Investing in the workforce

The survey found that 88% of employees believe warehouse operators that invest in technology are investing in their workforce itself.

“These results indicate that investment in tech to help workers do their jobs better and easier may give companies a crucial advantage during this era of labor shortage and help them prepare for the future as younger workers and new prospects enter the workforce,” the survey said.

For workers, the types of investments matter as well. Ranked in order of importance, technology that increased the ability to meet performance goals topped the list:

  • Improve accuracy and minimize mistakes
  • Make the job less physically demanding
  • Increase personal safety
  • Make the job more exciting and high-tech
  • Demonstrate the company cares about its workers
  • Help learn a new skill set.

 Data-capture and scanning tools were the types of devices most requested by workers (63%), with 48% interested in conveyor systems and 46% in voice-directed tools. AR/VR glasses were noted by 36% and robots by 32%.

Reduced strain, more productivity

While many companies tout their advances in technology, 66% of workers in the survey said they are still using paper and pencil for picking, packing and other common warehouse processes. Still, there remains concern about adding technology, mainly centered around increasing production demands or quotas.

That said, 46% of workers believe robots will reduce physical stress at work, 44% envision them improving speed in item picking, and 40% see them improving picking accuracy.

“Workers value robots as colleagues, mainly because of their ability to help reduce physical stress, and achieve better performance in picking and accuracy,” the survey said.

Workers also cited the ability of robots to improve work satisfaction (38%), improve safety (37%) and reduce mental stress (32%).

Be wary of the robots, though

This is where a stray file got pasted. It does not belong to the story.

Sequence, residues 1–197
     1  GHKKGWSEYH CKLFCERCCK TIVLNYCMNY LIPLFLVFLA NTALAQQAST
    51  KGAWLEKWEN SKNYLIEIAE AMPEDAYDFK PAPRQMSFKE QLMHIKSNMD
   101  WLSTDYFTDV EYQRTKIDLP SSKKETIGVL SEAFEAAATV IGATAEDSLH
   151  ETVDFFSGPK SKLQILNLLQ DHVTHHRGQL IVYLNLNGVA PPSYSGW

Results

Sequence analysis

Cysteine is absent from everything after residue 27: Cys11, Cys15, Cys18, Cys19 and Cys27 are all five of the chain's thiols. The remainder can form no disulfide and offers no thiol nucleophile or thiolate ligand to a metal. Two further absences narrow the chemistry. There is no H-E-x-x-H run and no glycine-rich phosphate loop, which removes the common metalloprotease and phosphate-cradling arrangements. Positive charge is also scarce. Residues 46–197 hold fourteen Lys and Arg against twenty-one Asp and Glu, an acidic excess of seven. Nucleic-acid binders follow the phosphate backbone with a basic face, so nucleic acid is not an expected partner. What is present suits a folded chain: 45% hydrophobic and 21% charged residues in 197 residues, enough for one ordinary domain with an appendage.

Robots are not without their critics. As the robot market is expected to explode to $23 billion by 2027, 47% of workers are fearful of being replaced by automation. Another 34% are concerned about increased oversight from management, and 31% worry about controlling the robot.

Some workers (26%) have concerns about the robots adding to the mental strain they are already feeling.

“It’s clear that on-floor warehouse workers are declaring technology tools to be essential to their well-being and retention,” Lucas Systems said in its conclusion. “In fact, workers want technology so much that they would switch jobs and take a pay cut to take advantage of the benefits tech could provide.”

The company also noted that to succeed in the implementation of technology, businesses must provide adequate training and set realistic expectations.

Click for more articles by Brian Straight.

You may also like:

Drones are flying into weather data deserts. Can they be stopped?

Navigating COVID-19 shipping chaos: Finding capacity and servicing the customer

Need a warehouse? You may have to wait 9 months

Brian Straight

Brian Straight leads FreightWaves' Modern Shipper brand as Managing Editor. A journalism graduate of the University of Rhode Island, he has covered everything from a presidential election, to professional sports and Little League baseball, and for more than 10 years has covered trucking and logistics. Before joining FreightWaves, he was previously responsible for the editorial quality and production of Fleet Owner magazine and Brian lives in Connecticut with his wife and two kids and spends his time coaching his son’s baseball team, golfing with his daughter, and pursuing his never-ending quest to become a professional bowler. You can reach him at [email protected]